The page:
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America’s hidden crisis: Men not at work

I think we can all let our breath out now. Donald Trump is finished. Hillary Clinton will win. A great calamity will be averted.

Ms. Clinton probably won't face an immediate financial crisis, as U.S. President Barack Obama did in 2008. The United States' biggest problem at the moment is more insidious. Millions of able-bodied men have dropped out of society – out of working life, of civic life, of family life. Many of these men belong to the Trumpenproletariat. How to re-engage them may be the biggest domestic challenge the country faces.

Political economist Nicholas Eberstadt calls these men "the unworking," to distinguish them from people who want work but can't find it. "America is now home to a vast army of jobless men who are no longer even looking for work," he writes. "Roughly seven million of them age 25 to 54, the traditional prime of working life." His new book, Men Without Work: America's Invisible Crisis, is essential reading for this election cycle. "For every prime-age man who is unemployed today," he writes, "another three are neither working nor looking for work." Most of these men are less educated, and many, particularly blacks, have prison records.

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The standard argument goes that globalization and technology are responsible for the vast destruction of working-class jobs. And that's true. But in fact, the work rate has been in decline for two generations. What happened during those decades was a massive shift in cultural values.

Not so long ago, virtually all men in their prime worked. The only exceptions were the disabled and the feeble-minded. Work was integral to what it was to be a man, and not to work was shameful. That's no longer true. Today, a man can choose a no-work lifestyle as an option – and plenty do. They're quite happy to sit around and watch TV, sponging off the government, their relatives and their girlfriends.

The eminent economist Lawrence Summers does not believe this is a blip. He says it's more like a snowball. "Everything we hear and see regarding technology suggests the rate of job destruction will pick up," he wrote in The Washington Post. He's also worried about social contagion. "To the extent that non-work is contagious, it is likely to grow exponentially rather than at a linear rate." If current trends continue, he expects that more than one-third of all men in the 25-54 age group will be out of work by mid-century. That is a truly terrifying prospect – as well as fertile soil for toxic populism.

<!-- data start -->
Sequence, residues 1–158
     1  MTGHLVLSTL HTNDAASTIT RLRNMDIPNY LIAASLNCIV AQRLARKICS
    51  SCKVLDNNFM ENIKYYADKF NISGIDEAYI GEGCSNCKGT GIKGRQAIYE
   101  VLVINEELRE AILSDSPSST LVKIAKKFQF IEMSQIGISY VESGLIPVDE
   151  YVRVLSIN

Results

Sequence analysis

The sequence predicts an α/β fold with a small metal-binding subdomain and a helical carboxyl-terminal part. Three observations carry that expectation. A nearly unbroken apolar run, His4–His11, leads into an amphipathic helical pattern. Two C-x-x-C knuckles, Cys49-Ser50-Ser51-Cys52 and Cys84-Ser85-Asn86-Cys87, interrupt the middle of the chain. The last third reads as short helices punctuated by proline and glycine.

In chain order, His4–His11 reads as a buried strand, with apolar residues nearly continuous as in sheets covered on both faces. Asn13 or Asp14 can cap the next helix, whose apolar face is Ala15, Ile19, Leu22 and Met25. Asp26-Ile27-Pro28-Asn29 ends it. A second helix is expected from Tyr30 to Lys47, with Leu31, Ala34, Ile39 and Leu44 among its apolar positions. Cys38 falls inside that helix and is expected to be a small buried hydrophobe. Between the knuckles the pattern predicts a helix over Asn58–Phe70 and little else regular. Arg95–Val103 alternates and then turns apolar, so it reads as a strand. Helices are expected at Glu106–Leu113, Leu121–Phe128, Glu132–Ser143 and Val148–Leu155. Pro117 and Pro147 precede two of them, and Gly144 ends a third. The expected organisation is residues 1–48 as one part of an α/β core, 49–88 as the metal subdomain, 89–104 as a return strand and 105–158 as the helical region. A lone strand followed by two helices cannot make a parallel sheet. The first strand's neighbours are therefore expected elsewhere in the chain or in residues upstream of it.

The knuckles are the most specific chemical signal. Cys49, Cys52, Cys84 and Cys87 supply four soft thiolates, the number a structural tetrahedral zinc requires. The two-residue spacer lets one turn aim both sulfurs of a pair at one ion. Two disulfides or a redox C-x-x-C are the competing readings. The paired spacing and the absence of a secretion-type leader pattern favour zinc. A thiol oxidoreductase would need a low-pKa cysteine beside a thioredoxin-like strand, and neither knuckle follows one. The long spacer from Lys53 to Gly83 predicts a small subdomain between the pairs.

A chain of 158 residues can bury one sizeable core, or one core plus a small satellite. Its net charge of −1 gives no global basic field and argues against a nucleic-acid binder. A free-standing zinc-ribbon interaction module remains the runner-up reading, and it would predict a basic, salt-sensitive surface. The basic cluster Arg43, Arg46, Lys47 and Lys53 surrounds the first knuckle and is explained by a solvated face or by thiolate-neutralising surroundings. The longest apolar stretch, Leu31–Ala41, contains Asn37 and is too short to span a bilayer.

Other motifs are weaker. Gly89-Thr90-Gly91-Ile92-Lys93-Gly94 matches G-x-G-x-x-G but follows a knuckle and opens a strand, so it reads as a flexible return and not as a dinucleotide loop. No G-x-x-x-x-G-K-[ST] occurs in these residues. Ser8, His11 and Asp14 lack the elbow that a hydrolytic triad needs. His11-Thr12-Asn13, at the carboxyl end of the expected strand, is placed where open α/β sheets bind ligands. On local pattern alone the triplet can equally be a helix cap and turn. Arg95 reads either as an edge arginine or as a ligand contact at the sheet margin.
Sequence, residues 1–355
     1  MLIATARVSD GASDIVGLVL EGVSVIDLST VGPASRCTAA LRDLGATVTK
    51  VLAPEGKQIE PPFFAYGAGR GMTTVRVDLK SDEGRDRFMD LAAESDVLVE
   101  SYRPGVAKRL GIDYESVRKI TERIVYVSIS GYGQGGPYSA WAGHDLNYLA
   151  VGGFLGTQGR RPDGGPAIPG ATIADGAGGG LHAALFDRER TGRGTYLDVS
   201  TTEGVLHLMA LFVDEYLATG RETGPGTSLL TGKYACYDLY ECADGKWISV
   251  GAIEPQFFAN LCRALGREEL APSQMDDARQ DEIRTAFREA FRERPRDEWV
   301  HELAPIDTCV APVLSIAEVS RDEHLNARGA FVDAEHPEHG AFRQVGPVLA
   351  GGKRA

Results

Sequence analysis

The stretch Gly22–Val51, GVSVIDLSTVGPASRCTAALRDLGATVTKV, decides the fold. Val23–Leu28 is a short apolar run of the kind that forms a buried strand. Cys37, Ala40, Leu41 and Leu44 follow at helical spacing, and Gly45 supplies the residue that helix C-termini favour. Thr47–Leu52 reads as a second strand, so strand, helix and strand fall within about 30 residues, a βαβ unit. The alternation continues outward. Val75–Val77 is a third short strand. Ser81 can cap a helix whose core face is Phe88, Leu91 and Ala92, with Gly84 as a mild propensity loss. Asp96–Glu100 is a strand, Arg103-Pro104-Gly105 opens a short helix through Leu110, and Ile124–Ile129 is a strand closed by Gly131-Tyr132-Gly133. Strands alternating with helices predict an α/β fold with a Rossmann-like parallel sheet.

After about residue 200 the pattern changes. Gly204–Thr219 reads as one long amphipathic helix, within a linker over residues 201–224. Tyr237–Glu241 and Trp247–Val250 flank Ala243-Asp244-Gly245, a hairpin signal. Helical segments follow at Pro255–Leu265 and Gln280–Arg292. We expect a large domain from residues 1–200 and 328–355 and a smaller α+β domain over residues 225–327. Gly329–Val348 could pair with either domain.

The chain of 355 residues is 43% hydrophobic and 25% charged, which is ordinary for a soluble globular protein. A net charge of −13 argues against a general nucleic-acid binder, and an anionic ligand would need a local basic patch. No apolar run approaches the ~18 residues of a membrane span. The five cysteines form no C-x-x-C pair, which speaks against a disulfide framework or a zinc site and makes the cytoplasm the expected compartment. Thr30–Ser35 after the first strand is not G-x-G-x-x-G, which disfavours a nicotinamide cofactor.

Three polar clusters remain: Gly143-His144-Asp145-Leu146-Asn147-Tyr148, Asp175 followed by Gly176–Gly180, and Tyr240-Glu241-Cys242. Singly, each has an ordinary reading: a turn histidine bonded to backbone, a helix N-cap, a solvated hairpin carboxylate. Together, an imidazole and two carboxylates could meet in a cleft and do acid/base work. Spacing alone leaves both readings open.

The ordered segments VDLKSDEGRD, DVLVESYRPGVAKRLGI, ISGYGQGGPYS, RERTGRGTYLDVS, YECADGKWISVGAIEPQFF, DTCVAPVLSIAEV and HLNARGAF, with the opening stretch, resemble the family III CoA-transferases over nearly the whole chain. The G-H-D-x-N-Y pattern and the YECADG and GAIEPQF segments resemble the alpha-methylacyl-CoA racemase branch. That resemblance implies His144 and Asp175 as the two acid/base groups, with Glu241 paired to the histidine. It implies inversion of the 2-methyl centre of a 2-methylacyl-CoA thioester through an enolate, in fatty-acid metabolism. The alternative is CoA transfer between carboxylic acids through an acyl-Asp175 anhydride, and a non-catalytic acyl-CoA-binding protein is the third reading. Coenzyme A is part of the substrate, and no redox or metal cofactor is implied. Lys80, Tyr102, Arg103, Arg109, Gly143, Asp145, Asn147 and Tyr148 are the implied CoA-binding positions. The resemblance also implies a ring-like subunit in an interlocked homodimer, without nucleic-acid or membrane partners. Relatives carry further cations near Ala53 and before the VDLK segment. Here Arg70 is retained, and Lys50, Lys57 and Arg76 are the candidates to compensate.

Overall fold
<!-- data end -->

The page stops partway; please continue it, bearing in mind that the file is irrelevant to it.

At its root, the collapse of the working class isn't so much economic as it is social, moral and spiritual. This means that economic remedies will only take us so far. Marriage rates for less-educated men have plunged – and unmarried men are far more likely to opt for unwork. The percentage of babies born to unmarried parents has soared. Working-class whites have largely abandoned church (while church attendance among higher-income whites has stayed relatively high). Family and community networks have dissolved.

Meanwhile, opiate addictions are ripping through the Rust Belt like a plague. For the first time in history, death rates among white, less educated, middle-aged Americans are actually going up – mostly because of drug and alcohol poisoning, suicides and liver disease. Angus Deaton, the Nobel-winning economist who documented the phenomenon with his wife and fellow Princeton economist Anne Case, calls them "deaths of despair." Women are not spared. "Across the country, middle-aged white women are dying at staggeringly higher rates, particularly from drug overdoses, suicides and excessive drinking," reports The Washington Post in a harrowing investigative series. One reason: Women have gained a social licence to drink and smoke like men.

Today, to crib a line from Marx, opiates are the opiate of the masses. We're not supposed to say it's anybody's fault, of course – talk of blame and personal responsibility are taboo in public policy. But the more that undesirable behaviour is normalized, the more people will behave that way. "I have known a lot of people who like to get up in the morning and start getting high (pot, THC, whatever)," one reader commented, in response to an erudite discussion of working-class woes on an economics website. "I have trouble relating to that because I do not have that desire at all but none of them seemed to be in any particular despair. As far as I could tell it was entertainment."

So good luck to Ms. Clinton. The flight of working men could be her biggest socioeconomic challenge. An economic revival might help. A spiritual revival might help, too. If only we had a clue how to do that.

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About the Author

Margaret Wente is one of Canada's leading columnists. As a writer for The Globe and Mail, she provokes heated debate with her views on health care, education, and social issues. She is a winner of the National Newspaper Award for column-writing.Ms. Wente has had a diverse career in Canadian journalism as both a writer and an editor. More

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